To sustain business performance in today’s complex and competitive environment, continuous innovation is critical. And within the global process industries, this innovation increasingly relies on collaborative decision-making based on the very latest information—available at all levels of the enterprise, within and across organizational boundaries. In fact, companies will rely on better information integration to provide a critical productivity boost in view of today’s shortage of skilled workers.
Fortunately, the advent of wireless technology and standards for in-plant use has coincided with the development of complementary tools to ease integration tasks. Indeed, the seamless integration of wireless into current plant architectures holds the potential to improve productivity dramatically by providing ready access to better information.
Meanwhile, the integration of wireless networks into your current plant automation hierarchy may be simple—but in most cases it’s not yet entirely automatic. So then, a brief review of the current options for making your wired and wireless worlds work well together.
|See "Primary Wireless Integration Protocols" Table|
Through the Gateway
As with the transition between any two disparate networks, the integration of wireless into a host control or information system relies on a gateway to translate, for example, WirelessHART into Ethernet.
When adding a wireless network to an existing process unit, it’s typically the interface requirements of the host system that will dictate what type of gateway interface will be needed. With the connectivity options listed below, the gateway can be integrated with a wide range of host systems, including Emerson’s DeltaV and Ovation control systems, Emerson’s AMS Suite asset management application, as well as a wide range of programmable logic controllers, process historians and other legacy control systems.
The best-case scenario for wireless integration is a host system such as Emerson’s DeltaV, Ovation or AMS Suite, the latest generations of which now include native support for wireless devices. Indeed, for users of these systems no integration per se is required—wired and wireless field devices appear transparently on the system without requiring special wireless or communication know-how.
In the latest iterations of DeltaV and Ovation, the Smart Wireless Gateway can even be “auto-sensed” and “autoconfigured” for quick and easy start-up and commissioning. Essentially, the gateway becomes just another control network node. In addition, HART alerts from WirelessHART devices pass directly through to the AMS Suite: Intelligent Device Manager, eliminating the need for an additional network.
Nu-West Industries’ phosphate-based fertilizer plant in Soda Springs, Idaho, U.S., is among those process manufacturers leveraging this native capability. Remote tank level measurements feed wirelessly through a Smart Wireless Gateway into the plant’s DeltaV automation system where Emerson’s AMS Suite: Intelligent Device Manager application recognizes readings that are out of norm, enabling operations to take action to control reactions in the tank.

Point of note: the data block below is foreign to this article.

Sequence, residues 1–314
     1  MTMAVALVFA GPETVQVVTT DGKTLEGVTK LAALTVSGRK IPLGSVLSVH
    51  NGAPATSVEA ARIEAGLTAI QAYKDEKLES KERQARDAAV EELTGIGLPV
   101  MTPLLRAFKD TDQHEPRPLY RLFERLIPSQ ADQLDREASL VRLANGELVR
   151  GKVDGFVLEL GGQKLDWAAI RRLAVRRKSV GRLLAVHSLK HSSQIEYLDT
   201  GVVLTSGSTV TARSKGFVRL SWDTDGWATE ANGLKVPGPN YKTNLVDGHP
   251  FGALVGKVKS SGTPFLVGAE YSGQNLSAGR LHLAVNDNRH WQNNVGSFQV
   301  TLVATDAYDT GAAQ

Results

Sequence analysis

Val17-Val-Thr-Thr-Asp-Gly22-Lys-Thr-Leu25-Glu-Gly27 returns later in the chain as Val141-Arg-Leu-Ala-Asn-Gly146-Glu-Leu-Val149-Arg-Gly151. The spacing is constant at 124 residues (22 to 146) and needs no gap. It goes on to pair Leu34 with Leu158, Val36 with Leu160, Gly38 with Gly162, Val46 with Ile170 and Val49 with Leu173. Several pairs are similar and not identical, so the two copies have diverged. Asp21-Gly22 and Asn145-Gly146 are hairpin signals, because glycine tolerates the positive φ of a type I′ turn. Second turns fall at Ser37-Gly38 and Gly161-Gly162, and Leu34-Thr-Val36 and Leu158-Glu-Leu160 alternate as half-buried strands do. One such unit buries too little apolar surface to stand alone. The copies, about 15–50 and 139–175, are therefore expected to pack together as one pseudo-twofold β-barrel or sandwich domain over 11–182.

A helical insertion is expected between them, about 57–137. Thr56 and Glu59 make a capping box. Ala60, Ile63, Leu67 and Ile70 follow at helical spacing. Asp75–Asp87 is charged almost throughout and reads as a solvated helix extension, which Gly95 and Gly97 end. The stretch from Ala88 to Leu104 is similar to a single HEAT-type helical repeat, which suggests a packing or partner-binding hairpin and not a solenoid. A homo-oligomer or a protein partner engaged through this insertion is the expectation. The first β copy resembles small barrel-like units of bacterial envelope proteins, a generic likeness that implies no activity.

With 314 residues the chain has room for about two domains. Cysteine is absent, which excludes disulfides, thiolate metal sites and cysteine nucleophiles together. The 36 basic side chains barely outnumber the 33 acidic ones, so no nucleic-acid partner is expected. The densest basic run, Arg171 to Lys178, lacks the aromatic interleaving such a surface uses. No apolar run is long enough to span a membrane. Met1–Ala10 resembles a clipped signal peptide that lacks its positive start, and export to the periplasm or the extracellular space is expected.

Emerson Process Management’s Smart Wireless architecture relies on industry-standard WirelessHART and WiFi networks to communicate seamlessly with wireless devices. To operators and maintenance personnel, wireless devices appear just like wired ones.
If your application uses a serial Modbus communication link, first verify that the host system has available connection capacity. A good estimate for the number of Modbus registers required is three times the number of data points to enable remote monitoring of the process variable and device status indicators. It’s also important to note that with serial systems, security measures are limited to physical isolation of the components; data cannot be encrypted and access cannot be managed due to protocol limitations.
Hunt Refining in Tuscaloosa, Ala., U.S., uses a Smart Wireless Gateway to gather wireless temperature measurements from several hot asphalt tanks 400 ft (130 m) away from the control room. In this case, two-wire Modbus connects the gateway to the plant’s control system and AMS Suite application.
“The installation was simple, and the transmitters came up and talked with the gateway as soon as power was applied,” says Dennis Stone, Hunt Refining process control engineer. “The gateway was easily connected to the distributed control system via a two-wire Modbus communication.”
Finally, if the host application requires integration via Modbus TCP/IP, OPC or HTML, then either a wireless or wired Ethernet connection is the way to go. Ethernet communications will have fewer restrictions than serial systems, but may require the involvement of your IT department. The IT department can identify the connection point and integrate the gateway through Ethernet firewalls and provide remote access to the gateway. Ethernet also allows the gateway to be managed securely like any other device in an IT network.
Wireless Ethernet provides high bandwidth to handle both diagnostic and measurement data. In fact, with power as the only requirement, you can place the gateway almost anywhere that’s in range of the devices as well as the host connection. For the same reason, it’s easy to move the gateway if needed.